11. I didn't get much of a response, folks, to my probing questions about Henry David Thoreau and the economy. Let's yak it up in the outfield, people! Really. I didn't think you were the types to get scared away by classic literature so easily (I know you can yak it up plenty when the topic is, say, Sarah Palin). So, the next round in our "Big Thinking" series will be about our public political dialogue, and our special guest writer will be Ludwig Wittgenstein. Tune in tomorrow evening when the fun begins.

The Two Times I Was Wrong

by Levi Asher on Wednesday, August 13, 2008 03:46 pm

When I'm wrong about something, I'll admit it. I called Amazon's Kindle e-book reader a loser last year -- not because I don't believe in e-books, but because the device is too expensive and too big. Amazon has refused to release sales figures for the Kindle (which would seem like further evidence that it's not taking off with consumers) but now TechCrunch is reporting that they've sold 240,000 units (based on information from "a source close to Amazon with direct knowledge of the numbers").

If 240,000 units have really sold, then I am flat out wrong. Nobody, not even me, can argue with $75 million in revenue for an innovative tech product's first year. I do find this figure slightly incredible (especially since I live in New York City and have never yet seen anybody walking around with a Kindle), but I also believe TechCrunch to be a reputable source of information, so I'm not sure what to think. Many other industry observers are similarly pondering what this all might mean; Chad Post's roundup of recent Kindle buzz is a good starting point for the ongoing discussion.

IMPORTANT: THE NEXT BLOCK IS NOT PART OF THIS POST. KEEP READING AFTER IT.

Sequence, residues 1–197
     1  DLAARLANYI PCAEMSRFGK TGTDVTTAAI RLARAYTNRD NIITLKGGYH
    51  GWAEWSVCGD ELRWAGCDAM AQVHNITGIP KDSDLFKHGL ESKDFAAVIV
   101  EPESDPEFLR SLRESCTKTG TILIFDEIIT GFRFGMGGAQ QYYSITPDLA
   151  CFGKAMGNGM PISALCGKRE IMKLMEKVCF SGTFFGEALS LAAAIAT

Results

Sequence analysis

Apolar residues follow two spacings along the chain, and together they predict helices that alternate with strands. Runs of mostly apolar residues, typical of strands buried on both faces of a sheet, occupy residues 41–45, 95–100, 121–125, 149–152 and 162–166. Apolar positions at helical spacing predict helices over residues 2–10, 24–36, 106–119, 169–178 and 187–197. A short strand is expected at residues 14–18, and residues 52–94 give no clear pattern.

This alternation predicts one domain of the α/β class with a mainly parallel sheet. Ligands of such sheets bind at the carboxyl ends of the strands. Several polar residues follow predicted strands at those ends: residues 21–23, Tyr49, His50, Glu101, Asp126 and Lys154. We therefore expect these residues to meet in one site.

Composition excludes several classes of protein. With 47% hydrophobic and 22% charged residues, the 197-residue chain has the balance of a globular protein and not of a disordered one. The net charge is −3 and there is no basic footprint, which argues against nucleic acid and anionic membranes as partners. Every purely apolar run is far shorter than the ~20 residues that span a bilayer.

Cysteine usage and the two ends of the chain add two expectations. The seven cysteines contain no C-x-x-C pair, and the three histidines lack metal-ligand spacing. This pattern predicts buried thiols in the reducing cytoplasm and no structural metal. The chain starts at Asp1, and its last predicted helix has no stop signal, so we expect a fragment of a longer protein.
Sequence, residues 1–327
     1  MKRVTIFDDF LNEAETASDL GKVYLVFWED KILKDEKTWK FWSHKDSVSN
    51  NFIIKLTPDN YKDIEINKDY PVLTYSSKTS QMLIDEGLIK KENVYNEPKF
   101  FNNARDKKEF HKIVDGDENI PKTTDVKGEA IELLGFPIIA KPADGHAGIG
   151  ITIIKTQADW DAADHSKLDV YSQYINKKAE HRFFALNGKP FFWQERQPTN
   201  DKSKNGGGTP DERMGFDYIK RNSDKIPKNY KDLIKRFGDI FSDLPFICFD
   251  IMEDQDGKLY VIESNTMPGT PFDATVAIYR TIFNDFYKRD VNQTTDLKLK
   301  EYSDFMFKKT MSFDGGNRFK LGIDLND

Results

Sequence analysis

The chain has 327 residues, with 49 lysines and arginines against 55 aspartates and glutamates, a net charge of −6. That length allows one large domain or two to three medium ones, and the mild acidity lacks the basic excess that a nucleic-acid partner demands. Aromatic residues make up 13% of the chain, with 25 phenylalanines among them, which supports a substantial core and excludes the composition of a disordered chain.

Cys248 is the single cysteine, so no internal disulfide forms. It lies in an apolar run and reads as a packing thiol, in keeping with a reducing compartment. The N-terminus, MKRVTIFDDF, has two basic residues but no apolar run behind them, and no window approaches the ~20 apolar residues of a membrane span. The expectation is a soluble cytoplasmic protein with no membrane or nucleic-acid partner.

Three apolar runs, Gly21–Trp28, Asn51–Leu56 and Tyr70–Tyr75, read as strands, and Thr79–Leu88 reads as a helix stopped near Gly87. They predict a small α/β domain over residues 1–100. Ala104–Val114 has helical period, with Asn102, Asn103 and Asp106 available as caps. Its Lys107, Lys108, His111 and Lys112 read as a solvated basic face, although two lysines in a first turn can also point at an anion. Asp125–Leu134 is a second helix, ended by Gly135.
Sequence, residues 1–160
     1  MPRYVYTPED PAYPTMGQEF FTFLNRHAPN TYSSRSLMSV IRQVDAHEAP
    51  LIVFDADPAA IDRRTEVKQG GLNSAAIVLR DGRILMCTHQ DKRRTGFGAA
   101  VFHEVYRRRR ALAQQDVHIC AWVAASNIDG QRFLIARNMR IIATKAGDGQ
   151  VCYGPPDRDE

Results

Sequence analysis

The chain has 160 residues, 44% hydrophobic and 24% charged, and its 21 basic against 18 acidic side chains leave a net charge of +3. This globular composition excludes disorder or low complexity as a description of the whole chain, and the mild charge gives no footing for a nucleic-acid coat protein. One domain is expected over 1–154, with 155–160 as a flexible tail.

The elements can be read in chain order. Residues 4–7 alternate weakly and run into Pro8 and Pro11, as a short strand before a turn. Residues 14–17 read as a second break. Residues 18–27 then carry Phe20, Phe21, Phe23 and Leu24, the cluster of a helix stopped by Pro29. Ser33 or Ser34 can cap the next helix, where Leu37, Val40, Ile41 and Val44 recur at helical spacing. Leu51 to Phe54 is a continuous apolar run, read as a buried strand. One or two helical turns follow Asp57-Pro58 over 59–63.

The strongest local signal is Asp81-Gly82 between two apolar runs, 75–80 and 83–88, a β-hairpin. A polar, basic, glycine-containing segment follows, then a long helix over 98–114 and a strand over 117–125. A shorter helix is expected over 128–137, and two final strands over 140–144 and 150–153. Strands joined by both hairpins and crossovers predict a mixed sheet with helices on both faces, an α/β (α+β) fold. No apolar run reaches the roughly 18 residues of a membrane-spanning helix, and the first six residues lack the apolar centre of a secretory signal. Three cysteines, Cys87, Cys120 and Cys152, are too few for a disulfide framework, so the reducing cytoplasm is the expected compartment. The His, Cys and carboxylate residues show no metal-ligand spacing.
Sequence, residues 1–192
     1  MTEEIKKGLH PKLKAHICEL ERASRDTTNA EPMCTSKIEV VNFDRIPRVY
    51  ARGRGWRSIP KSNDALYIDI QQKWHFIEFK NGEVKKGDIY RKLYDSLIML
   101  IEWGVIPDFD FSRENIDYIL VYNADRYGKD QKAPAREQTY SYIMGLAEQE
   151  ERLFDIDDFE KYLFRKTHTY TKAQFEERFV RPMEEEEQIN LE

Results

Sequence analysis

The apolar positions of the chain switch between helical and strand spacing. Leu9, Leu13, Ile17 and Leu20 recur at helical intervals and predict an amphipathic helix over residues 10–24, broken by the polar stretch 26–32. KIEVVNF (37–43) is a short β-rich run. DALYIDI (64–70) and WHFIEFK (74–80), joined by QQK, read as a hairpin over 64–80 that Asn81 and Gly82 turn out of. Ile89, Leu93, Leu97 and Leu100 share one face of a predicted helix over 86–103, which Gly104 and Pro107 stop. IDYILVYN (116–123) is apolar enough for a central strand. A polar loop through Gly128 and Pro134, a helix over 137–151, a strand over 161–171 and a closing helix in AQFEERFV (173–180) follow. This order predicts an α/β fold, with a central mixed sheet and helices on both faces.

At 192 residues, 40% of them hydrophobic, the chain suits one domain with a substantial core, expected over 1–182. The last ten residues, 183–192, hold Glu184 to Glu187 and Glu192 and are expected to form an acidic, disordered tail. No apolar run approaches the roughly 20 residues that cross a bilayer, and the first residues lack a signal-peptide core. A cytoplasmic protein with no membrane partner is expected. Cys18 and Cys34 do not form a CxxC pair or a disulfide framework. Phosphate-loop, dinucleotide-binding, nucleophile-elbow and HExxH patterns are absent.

Wrong is wrong, and if TechCrunch's reported numbers are right then the Kindle is a big winner and my prediction was wrong. I still say that it's crucial for the electronic book industry to make e-books affordable for readers in all income segments, and a format that requires a $360 initial outlay goes against the grain of everything I believe about the importance of reasonable pricing for books, electronic or otherwise. Still, if 240,000 Kindles have sold than I clearly missed this call.

On a completely different front: I had never heard of historian Niall Ferguson four months ago when I lost my temper after reading his cover article about terrorism and global politics in the New York Times Book Review. I felt that Ferguson's article offered Bush-worthy cliches about terrorism and Al Qaeda, and I mocked his puffy academic credentials as harshly as I could.

I still can't explain what went wrong with this terrible NYTBR article. However, I recently noticed Ferguson's name on a TV listing for a public television history series called The War of the World: A New History of the 20th Century and tuned in to see what my nemesis had to say. I was surprised to discover in Niall Ferguson an aggressively original thinker with a valuable theory about the primacy of ethnic tension in the sad history of 20th Century international politics. I watched every episode of this series, and after it was over I bought a Niall Ferguson book called The Pity of War: Explaining World War I.